I previously
wrote about using the `epslatex` terminal in Gnuplot to generate
beautiful plots for inclusion in a LaTeX document. The secret is that
the `epslatex` terminal produces a combination of (1) EPS vector
graphics and (2) TeX instructions to overlay all the text (axis labels,
legends, etc.) in whatever font you are using in the rest of your document.
So typically you get that super slick looking Computer Modern Roman
(cmr) font.

Now, there are some things that are beyond the ken of Gnuplot. So it was a relief when I learned that GNU Octave can produce similarly formatted EPS + TeX graphics. What's nice about using Octave instead of Gnuplot is that, not only can you take advantage of Octave's more advanced (as I understand it) graphics facilities, but you can also bring to bear all the power of a full mathematical/simulation language for preprocessing your data or whatnot. I still usually use Gnuplot, but I break out Octave for making plots when necessary.

All you have to do is produce your plot in Octave as normal
(e.g. `plot(...)`), and use a command like the following to output in
EPS + Tex:

print('my_plot.tex', '-dtex');

As an example, here's some minimal code to produce a heatmap with contours and a legend:

x_values = [0.10 : 0.005 : 0.60]; y_values = [0.10 : 0.005 : 0.60]; contourf(x_values, y_values, data); % supply your own data... axis square; colorbar; xlim([0.1 0.6]); ylim([0.1 0.6]); print('-dtex', 'my_plot.tex');

Octave really saves the day here. To the best of my knowledge it is difficult or impossible to do this using just plain Gnuplot, especially if you are not plotting over a square area.

I know this is an old post, but how do you incorporate this into LaTeX? I keep getting errors when I try.

ReplyDeleteI think you want to do \input{path/to/generated/file.tex}. And then because the output is in EPS, you probably have to use regular latex (not pdflatex; use dvipdf if you want to convert to PDF). Let me know if that doesn't work for you.

ReplyDeleteRegarding you last post, Phil - if you then would like to add both png's and this eps file in the same latex file, one is into trouble? Or can these two image types somehow be combined?

ReplyDeleteAs far as I know you can't use PNG and EPS in the same file. I think you can however work around this by using Imagemagick or any other conversion tool to convert your PNGs into EPS.

ReplyDeleteThank you, this was really helpful!

ReplyDeleteAny ideas on how to scale the figure in a LaTeX doucument, but keep the current fontsize on the axis?

I have tried \scalebox[scale]{\input{plot.tex}} but this will also scale the text.

@Ørnulf,

ReplyDeleteWhen using gnuplot directly you can do e.g. "set size 1.5, 1.5" to scale the plot up 50% along both dimensions. You might be able to use the _gset_ command in Octave to pass options down to gnuplot, e.g. try 'gset size "1.5, 1.5"' in your Octave code (possibly without the double quotes).

About scaling of the text in legends and axis label, I find that using \scalebox{} doesn't give nice results.

DeleteAny ideas on how to make the legend the same size as the latex font, if for example I want to align two figures horizontally?

Thanks!

Watch out if you include labels or text, as it will be passed directly to latex. For instance, to include a percent sign, be sure to write it '\%' or latex will treat the rest of the line as a comment. This leads to the error:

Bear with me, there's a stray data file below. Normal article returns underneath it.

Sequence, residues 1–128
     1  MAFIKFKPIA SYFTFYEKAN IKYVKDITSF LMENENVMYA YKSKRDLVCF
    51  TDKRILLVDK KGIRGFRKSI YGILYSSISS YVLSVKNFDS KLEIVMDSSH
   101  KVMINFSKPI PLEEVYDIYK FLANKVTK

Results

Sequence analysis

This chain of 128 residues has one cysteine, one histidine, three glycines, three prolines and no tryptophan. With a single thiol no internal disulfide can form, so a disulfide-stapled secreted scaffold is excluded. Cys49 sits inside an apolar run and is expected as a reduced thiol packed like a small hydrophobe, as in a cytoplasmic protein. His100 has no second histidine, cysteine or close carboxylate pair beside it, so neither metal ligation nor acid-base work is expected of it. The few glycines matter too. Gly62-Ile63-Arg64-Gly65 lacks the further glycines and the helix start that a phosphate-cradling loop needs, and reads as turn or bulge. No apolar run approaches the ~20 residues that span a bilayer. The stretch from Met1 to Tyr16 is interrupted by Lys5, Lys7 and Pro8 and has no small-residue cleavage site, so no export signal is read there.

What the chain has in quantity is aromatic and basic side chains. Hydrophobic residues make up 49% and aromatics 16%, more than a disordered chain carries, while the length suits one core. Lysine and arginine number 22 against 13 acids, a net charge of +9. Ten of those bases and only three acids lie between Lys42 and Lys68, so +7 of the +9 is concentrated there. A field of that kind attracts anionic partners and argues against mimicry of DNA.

ReplyDeleteFile ended while scanning use of \gplgaddtomacro.

Likewise, any math commands should be surrounded by dollar signs.

Informative post... concise and to the point. Kudos!!! Somehow I only get my plots properly compiled in to my TeX pdf's if use -depslatex instead of just -deps. I might have to look into my preambles, but for now it's going great. Thanks ;).

ReplyDeleteThis post is really awesome! Thanks guys for contributing.

ReplyDeleteThanks for this blog post!

ReplyDeleteI was able to get this to work with pdflatex by using the epstopdf program to convert the .eps produced by Octave to .pdf. The .tex file references the picture with the command "\includegraphics{my_plot}." Latex looks for "my_plot.eps" while pdflatex looks for "my_plot.pdf"

I'm using the MikTek distro on Windows. In the log file, when running pdflatex, when pdflatex gets to the octave .tex file, it says that it is using an "MPS to PDF converter." It does the MetaPost conversion automatically, but I had to do the .eps to .pdf conversion manually.

Y u provide a minimal example that doesn't work without more code...

ReplyDeleteI've followed your instructions before and produced some nice looking plots, but recently, I tried repeating the procedure and got different results. For one thing, the .eps file produces was in the format -inc.eps instead of .eps

ReplyDeleteIt turns out, Octave's plotting engine was changed to FLTK/OpenGL instead of GNUPlot. You can check which engine Octave is using with the command "graphics_toolkit()". To set it to GNUPlot, if it is different, use the command "graphics_toolkit("gnuplot")"

@Ørnulf,

ReplyDeleteI've missed the boat here by two years, but for anyone who still wants to know how to do this:

\scalebox{0.7}{{\large \input{plot.tex}}}

Will include plot.tex with large font and THEN scale it down with a 0.7 scalefactor.

Check out https://engineering.purdue.edu/ECN/Support/KB/Docs/LaTeXChangingTheFont if you need different font sizes.

Thanks for this post!

ReplyDeleteI have issues adjusting the width of the figure. How can I change this when using:

\input{octave_figure.tex}

Thanks!

I struggled through most of the Octave/LaTeX file formats to create relatively high-resolution plots in .tex files, and think I found a very simple solution. Latex doesn't seem to recognize advanced ps file extensions, but you can use fancy ones in Octave and save as .eps and LaTeX seems to be happy. From the Octave command line,

ReplyDeleteprint -depsc filename.eps

This way, the plot and the labels stay together.